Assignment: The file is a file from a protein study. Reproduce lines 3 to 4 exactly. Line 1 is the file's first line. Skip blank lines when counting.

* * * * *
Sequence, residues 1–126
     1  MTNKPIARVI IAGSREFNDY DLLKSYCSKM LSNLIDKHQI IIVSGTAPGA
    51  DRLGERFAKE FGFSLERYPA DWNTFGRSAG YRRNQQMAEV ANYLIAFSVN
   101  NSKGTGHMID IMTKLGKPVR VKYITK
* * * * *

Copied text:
    51  DRLGERFAKE FGFSLERYPA DWNTFGRSAG YRRNQQMAEV ANYLIAFSVN
   101  NSKGTGHMID IMTKLGKPVR VKYITK